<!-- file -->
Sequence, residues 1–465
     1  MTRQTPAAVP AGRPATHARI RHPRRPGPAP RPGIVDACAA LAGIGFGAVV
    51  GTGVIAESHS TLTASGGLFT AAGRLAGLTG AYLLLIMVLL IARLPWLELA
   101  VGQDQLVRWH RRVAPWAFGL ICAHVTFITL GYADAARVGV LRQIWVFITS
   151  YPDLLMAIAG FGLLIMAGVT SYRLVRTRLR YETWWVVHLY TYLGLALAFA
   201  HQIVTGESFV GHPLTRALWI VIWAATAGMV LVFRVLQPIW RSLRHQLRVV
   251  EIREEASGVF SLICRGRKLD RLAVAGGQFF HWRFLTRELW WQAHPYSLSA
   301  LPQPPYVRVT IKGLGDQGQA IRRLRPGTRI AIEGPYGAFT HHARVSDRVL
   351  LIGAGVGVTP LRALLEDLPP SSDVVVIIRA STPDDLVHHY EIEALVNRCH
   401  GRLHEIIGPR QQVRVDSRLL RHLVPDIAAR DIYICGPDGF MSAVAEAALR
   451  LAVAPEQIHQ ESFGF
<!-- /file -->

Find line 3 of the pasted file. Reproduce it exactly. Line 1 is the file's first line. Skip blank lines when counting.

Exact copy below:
    51  GTGVIAESHS TLTASGGLFT AAGRLAGLTG AYLLLIMVLL IARLPWLELA